An older article by Tim Vickery, at SBS World Game, on FIFA that gives a perspective often missed be Europeans:
Havelange promised to double the size of the FIFA World Cup, from 16 to 32 teams, with more places for the developing world. He delivered. The tournament these days may be unwieldy, but given the number of nations who want to be present it is impossible to imagine anything smaller.
Havelange promised to set up World Cups at Under-20 and Under-17 levels, tournaments that could be staged in the developing world. He delivered. Young players have the chance to further their careers by tasting international competition, and nations are given the opportunity to invest in their footballing infrastructure. We may quibble about the way this has been done on a number of occasions, but the basic idea seems sound.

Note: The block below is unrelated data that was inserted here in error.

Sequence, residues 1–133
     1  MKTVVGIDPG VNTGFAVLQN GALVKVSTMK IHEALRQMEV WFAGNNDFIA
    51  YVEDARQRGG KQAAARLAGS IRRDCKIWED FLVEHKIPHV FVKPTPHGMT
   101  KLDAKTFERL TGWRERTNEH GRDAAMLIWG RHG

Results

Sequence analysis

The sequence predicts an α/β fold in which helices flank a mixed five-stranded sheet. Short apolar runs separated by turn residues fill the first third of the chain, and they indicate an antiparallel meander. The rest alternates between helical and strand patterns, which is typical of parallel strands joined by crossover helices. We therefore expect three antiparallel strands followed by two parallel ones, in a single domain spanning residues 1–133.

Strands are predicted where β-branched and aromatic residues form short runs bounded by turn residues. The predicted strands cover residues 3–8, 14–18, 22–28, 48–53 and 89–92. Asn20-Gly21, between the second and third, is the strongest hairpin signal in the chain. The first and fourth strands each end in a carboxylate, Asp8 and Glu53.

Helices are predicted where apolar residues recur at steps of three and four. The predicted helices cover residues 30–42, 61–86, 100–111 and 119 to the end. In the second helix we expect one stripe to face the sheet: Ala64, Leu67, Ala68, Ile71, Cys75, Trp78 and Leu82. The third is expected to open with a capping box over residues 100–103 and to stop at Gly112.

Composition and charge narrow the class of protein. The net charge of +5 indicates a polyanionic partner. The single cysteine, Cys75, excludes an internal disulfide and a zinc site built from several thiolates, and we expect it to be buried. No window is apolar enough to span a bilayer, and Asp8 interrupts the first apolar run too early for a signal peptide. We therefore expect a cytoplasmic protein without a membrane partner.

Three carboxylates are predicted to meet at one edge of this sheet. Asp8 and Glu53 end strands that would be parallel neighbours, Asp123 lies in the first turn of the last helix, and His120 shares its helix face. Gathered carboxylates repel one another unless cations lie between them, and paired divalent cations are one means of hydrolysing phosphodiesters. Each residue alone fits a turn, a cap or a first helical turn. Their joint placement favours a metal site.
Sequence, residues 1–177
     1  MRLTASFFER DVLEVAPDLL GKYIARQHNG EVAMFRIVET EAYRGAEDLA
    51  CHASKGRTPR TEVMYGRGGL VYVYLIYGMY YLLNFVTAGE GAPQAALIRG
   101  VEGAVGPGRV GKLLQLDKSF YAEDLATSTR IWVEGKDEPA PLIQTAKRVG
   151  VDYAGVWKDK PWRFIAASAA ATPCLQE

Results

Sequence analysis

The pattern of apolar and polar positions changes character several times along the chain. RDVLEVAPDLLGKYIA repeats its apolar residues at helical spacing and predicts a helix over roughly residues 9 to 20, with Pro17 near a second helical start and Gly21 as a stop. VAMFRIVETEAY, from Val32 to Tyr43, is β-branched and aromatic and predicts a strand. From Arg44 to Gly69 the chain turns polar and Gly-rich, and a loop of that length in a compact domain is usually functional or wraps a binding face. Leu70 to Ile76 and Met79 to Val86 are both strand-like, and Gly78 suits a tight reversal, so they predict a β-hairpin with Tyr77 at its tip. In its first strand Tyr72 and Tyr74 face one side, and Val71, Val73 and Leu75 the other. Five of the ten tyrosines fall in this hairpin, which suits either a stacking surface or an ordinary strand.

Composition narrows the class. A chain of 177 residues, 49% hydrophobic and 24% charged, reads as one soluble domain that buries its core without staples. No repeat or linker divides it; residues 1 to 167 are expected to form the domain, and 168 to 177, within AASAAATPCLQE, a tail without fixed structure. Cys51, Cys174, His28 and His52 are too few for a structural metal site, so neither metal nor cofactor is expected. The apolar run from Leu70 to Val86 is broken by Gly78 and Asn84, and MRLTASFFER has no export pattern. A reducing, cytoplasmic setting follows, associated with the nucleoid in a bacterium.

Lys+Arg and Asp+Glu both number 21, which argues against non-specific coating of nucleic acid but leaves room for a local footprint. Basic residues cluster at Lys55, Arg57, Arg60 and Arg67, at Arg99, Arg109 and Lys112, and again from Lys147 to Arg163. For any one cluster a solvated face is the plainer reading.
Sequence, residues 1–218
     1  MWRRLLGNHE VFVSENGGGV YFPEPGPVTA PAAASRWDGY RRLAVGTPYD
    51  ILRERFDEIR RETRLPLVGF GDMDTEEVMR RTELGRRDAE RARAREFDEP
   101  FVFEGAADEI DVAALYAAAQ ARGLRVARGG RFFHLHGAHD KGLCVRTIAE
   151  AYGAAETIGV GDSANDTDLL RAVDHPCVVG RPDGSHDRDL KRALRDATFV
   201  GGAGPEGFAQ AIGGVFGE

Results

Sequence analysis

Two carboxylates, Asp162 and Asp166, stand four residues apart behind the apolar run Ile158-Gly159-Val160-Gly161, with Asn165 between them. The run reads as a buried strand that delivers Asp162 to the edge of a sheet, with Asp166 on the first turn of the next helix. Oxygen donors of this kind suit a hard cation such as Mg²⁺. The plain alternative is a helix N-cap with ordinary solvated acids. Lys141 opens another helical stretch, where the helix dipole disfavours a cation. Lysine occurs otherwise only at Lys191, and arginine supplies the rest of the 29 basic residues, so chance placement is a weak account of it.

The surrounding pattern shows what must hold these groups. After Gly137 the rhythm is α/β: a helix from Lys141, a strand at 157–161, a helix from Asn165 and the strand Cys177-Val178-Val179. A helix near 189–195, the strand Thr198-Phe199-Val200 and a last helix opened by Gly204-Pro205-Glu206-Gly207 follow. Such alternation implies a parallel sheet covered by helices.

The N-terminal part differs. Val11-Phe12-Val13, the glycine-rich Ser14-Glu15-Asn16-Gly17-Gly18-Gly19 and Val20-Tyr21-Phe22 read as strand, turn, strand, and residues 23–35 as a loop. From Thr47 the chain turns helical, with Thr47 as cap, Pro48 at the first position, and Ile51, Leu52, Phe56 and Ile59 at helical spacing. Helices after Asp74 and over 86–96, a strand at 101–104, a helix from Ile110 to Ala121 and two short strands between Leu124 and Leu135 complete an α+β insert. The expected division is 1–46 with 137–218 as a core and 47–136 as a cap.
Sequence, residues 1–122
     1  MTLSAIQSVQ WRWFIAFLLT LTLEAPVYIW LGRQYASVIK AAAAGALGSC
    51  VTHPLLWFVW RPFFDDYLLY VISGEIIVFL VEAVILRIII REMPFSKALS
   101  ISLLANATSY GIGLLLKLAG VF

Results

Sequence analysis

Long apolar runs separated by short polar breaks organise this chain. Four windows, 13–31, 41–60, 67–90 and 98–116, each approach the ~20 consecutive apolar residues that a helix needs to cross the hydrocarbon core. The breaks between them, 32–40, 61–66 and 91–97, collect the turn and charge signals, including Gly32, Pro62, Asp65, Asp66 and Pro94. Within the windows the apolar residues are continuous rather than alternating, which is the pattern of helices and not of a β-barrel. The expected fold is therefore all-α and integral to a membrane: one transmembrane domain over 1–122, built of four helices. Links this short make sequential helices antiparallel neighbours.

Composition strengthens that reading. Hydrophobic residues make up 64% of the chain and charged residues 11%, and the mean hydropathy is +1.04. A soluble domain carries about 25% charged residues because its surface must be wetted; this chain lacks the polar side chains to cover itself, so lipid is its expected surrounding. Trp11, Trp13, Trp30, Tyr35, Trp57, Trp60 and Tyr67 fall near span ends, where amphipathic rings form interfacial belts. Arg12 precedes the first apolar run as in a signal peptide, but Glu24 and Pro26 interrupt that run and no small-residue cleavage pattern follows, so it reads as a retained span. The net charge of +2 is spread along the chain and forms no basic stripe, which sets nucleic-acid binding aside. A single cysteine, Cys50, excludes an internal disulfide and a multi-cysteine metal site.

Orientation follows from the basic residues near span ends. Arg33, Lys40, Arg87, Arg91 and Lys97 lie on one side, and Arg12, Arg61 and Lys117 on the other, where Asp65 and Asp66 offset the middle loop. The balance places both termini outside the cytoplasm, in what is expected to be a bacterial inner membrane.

Havelange promised to ‘sell a product called football’. He delivered. He needed commercial sponsors on board to finance some of his projects, particularly the new age-group World Cups. And so the game went corporate. We can protest that this has gone too far, but it is not an objection that the European, and particularly the English game, can make with a straight face.
This is the bitter pill to swallow when it comes to Havelange and Blatter: they have likely done a great job at expanding the game to the world while still lining the pockets of themselves and their friends.